As I said before, this was the first Hammett novel (or story) I read, so I had nothing with which to compare it. It didn't seem bad at all, though a bit drawn out, perhaps. Then when I read Red Harvest, it seemed, by comparison, I'm sure, awful darn bloody, so much so it was a bit of a turnoff.

While I like the novels, it's the stories where Hammett shines.

Dave Zeltserman said...

I love the OP stories, and Red Harvest is my favorite hardboiled novel, but I'm also a big fan of The Dain Curse. It's a very different style of Op novel. In Red Harvest, the Op is determined to cleanup Poisonville because he's pissed that someone took a shot at him, and as a crime novel it's a pretty wild ride. The Dain Curse is a very different style, really four independent mysteries dealing with cults and occult fakery, but even so the Op is still the same Op we've grown to love. Also, Owen Fitzstephen is a great character.

In some ways the novel in four parts works better with the Dain Cure than Red Harvest in that the 4 mysteries build up into one bigger, more satisfying overall mystery.

Maybe your lukewarm attitude toward The Dain Curse is because Red Harvest is a great crime novel, while The Dain Curse is a great mystery.

Brian Drake said...

None of Hammett's other books were like Red Harvest, which I think (and here's where everybody gets out their guns to point them at me) I even prefer Harvest to Falcon. The Dain Curse is a worthy read, and may indeed be a great mystery as opposed to a crime novel, as Dave said, but something really is missing. The same can be said for The Glass Key. But I'll tell you what: if the worst books I ever write are even half as good as The Dain Curse or The Glass Key, I will consider it a good thing.

Evan Lewis said...

I'm hoping that one of these days we'll get to see the Black Mask versions of the Harvest and Curse stories, so we can see what Hammett was working with when he built them into novels.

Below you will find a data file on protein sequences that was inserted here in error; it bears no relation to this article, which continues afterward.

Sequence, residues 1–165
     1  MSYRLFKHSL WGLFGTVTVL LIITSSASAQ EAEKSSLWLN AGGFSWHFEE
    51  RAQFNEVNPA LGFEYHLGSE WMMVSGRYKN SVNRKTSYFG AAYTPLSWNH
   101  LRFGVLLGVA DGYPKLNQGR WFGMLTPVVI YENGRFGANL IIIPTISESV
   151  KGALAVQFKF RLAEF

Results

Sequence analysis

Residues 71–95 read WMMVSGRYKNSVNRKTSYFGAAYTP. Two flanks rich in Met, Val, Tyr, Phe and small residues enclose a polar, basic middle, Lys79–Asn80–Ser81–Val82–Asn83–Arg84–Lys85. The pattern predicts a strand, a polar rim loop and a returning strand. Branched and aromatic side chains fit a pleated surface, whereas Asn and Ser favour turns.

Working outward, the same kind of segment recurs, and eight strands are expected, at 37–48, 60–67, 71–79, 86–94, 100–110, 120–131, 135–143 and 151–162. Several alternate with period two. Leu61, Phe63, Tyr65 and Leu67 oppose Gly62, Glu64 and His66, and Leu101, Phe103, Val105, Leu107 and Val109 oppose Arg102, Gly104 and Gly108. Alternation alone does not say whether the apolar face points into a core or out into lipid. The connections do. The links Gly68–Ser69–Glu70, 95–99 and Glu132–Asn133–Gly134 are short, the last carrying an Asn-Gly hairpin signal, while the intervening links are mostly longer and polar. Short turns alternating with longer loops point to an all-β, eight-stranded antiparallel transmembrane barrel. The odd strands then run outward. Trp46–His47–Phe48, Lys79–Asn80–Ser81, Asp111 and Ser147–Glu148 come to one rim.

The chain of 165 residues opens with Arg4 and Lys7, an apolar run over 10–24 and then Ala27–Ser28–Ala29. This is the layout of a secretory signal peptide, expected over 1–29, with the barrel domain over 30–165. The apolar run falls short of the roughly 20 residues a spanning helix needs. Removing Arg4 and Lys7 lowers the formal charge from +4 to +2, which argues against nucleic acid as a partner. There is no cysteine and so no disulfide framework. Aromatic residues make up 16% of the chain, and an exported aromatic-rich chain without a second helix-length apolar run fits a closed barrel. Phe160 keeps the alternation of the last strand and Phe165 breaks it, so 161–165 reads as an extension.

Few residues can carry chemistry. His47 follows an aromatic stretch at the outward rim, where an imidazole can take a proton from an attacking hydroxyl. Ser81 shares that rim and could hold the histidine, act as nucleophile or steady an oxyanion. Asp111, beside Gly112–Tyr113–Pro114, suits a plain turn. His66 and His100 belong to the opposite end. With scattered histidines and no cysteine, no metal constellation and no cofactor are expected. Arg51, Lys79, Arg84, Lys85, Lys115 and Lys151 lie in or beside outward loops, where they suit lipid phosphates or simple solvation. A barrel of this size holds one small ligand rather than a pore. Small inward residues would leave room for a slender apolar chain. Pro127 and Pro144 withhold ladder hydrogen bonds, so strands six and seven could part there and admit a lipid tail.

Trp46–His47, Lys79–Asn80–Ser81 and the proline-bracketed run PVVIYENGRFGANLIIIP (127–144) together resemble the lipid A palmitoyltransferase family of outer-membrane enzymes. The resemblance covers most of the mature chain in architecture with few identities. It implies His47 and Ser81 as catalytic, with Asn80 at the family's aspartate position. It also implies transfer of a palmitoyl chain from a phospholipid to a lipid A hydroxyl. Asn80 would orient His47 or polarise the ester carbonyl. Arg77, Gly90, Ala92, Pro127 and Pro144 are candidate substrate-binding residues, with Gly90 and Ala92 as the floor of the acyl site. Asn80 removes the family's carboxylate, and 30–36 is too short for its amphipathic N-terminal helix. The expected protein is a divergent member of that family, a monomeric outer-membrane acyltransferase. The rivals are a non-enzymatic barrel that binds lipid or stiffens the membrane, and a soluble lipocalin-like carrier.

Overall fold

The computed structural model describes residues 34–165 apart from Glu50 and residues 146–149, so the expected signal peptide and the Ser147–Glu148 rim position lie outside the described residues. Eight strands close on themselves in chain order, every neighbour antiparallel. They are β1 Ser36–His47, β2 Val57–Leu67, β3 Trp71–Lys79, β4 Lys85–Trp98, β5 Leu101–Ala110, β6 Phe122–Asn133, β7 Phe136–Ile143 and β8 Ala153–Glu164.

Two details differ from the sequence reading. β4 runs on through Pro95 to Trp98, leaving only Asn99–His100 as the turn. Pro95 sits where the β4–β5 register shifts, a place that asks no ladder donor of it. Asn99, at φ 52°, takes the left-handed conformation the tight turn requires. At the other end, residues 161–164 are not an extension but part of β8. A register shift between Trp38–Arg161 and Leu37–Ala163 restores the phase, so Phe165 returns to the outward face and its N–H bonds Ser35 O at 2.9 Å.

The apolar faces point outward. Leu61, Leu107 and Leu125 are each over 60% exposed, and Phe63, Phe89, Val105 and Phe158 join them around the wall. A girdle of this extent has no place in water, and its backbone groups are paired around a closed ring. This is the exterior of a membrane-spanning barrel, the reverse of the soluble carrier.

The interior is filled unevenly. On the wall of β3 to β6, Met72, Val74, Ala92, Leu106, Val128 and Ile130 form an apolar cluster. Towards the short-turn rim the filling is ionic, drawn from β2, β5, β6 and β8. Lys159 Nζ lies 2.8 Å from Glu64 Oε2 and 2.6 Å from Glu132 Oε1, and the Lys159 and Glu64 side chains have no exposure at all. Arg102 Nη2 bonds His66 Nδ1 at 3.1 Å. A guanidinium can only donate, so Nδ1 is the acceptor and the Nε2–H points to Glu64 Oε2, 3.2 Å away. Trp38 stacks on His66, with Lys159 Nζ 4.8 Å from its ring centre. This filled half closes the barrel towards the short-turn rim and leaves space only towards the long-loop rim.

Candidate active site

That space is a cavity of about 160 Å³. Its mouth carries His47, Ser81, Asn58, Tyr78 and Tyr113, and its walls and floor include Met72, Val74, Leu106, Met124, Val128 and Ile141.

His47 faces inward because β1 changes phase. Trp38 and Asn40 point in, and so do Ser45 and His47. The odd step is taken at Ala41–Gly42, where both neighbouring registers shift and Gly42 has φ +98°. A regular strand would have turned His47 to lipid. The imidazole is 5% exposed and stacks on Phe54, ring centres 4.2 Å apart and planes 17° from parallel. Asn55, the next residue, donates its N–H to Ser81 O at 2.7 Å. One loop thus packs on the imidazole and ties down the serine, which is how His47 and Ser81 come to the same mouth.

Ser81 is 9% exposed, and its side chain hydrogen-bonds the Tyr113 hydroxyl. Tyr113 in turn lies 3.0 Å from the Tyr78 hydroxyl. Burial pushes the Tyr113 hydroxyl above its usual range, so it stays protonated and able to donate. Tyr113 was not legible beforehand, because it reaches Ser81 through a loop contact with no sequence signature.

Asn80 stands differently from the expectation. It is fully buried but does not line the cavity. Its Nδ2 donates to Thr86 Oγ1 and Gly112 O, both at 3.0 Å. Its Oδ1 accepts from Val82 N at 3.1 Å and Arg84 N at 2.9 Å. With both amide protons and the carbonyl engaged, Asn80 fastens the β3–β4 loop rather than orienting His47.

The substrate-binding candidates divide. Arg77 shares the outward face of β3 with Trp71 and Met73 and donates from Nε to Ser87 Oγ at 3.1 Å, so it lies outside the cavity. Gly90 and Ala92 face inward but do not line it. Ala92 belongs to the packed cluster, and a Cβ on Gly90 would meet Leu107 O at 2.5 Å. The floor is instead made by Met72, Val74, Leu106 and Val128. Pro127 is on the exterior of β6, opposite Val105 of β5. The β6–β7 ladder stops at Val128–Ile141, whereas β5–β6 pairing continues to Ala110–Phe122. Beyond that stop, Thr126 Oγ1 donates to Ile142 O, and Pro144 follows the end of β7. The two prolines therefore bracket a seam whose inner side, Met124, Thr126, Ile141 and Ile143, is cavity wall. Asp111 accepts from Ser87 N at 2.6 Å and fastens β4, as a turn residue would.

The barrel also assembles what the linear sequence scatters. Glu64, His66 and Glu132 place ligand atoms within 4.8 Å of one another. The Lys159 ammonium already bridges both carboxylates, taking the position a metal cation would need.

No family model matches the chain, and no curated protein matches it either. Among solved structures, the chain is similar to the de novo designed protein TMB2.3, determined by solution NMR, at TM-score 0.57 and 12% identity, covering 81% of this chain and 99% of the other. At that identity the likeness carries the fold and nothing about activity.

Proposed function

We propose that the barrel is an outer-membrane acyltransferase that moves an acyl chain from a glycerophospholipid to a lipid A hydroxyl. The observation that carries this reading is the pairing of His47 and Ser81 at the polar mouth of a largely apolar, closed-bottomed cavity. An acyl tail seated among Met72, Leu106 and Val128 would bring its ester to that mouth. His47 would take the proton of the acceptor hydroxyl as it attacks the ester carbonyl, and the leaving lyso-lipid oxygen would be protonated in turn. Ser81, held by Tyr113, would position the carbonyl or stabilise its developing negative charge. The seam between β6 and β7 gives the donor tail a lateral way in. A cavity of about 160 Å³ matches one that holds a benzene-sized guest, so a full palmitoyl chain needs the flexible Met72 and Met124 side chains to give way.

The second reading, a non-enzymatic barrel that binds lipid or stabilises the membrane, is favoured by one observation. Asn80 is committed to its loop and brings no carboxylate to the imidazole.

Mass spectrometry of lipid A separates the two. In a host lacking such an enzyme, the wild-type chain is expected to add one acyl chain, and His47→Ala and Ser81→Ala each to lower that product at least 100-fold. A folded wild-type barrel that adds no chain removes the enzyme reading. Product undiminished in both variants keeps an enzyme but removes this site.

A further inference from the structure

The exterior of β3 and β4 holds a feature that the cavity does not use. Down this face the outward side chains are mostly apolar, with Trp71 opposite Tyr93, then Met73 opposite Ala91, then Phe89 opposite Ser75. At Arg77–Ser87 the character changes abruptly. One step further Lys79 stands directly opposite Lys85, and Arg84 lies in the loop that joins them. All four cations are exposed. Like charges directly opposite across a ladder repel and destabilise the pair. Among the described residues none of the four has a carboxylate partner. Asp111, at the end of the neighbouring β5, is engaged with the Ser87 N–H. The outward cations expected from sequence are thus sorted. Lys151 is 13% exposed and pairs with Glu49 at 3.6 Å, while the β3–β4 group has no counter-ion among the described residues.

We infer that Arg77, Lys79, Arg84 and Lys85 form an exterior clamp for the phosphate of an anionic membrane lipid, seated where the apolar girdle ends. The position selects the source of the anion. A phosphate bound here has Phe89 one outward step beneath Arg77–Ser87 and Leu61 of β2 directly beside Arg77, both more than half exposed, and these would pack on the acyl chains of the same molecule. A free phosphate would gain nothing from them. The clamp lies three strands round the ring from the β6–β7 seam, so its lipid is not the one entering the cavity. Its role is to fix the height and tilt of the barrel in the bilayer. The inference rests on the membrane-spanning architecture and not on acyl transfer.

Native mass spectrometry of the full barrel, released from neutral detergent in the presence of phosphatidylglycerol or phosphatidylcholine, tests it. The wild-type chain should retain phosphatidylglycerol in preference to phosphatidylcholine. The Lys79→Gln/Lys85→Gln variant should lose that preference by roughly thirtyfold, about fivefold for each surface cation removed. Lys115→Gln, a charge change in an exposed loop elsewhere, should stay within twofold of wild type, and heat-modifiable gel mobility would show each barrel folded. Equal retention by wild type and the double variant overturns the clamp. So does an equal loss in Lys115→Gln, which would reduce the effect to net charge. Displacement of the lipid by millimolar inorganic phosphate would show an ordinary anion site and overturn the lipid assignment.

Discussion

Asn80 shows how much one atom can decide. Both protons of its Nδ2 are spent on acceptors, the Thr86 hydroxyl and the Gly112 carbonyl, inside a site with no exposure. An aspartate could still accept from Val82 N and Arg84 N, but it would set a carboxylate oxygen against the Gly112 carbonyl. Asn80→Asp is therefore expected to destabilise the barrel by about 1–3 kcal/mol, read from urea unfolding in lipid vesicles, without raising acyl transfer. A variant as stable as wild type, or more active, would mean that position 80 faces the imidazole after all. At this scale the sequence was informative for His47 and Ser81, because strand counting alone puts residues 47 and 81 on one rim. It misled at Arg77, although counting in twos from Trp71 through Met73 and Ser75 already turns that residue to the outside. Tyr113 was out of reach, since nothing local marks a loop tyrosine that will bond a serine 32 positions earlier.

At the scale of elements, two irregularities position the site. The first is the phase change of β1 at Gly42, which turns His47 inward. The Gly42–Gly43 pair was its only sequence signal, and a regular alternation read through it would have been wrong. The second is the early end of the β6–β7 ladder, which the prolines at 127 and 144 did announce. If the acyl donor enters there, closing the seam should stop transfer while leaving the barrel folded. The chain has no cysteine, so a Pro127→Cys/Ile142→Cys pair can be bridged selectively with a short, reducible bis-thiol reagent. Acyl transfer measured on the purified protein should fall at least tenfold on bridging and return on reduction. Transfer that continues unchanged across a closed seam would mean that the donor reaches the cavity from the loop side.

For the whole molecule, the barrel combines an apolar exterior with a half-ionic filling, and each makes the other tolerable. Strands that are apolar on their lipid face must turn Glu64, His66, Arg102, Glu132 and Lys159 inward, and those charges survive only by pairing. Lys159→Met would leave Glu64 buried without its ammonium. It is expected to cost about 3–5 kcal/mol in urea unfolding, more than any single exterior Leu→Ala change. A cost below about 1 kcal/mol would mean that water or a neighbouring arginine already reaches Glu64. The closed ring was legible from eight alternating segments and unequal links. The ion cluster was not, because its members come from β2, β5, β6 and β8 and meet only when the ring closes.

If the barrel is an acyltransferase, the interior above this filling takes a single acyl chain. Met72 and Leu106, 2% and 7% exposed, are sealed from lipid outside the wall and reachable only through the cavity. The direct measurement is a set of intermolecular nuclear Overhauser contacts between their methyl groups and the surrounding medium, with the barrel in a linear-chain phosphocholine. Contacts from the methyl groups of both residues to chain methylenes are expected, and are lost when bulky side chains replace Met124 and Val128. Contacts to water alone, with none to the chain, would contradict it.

Meanwhile, I've been reading the very few Op stories published after the two almost-serials, and I'm convinced Hammett was making a conscious retreat from the balls-out style employed in Red Harvest. The last two tales resemble his early Op stories, involving real detective work, but exhibiting the polish he'd acquired along the way.

Evan Lewis said...

P.S. While I appreciate the literary achievement and importance of The Maltese Falcon, I don't get much of a kick out of reading it. Maybe it's due to having all three movies playing in my head at the same time.

I get the most enjoyment (by far) from Red Harvest, followed by either The Glass Key or The Thin Man (my preference depends on which I've read most recently), and then the Falcon. If I ever read The Dain Curses again I'll try - in deference to Dave Z - to pay more attention to the overall mystery.

Cap'n Bob said...

Have you seen the Bruce Willis movie based on Red Harvest? Godawful.

Anonymous said...

However, the Kurosawa film more or less kinda based on Red Harvest (there's controversy about that), Yojimbo, is a masterpiece.
Art Scott

Evan Lewis said...

True, Mr. S. I rate Yojimbo as my favorite film, even before Monty Python and the Holy Grail.

Rick Robinson said...

I thought Abbot and Costello Meet the Invisible Man was your favorite movie. You're confusing me....

Evan Lewis said...

Not even in the top twenty.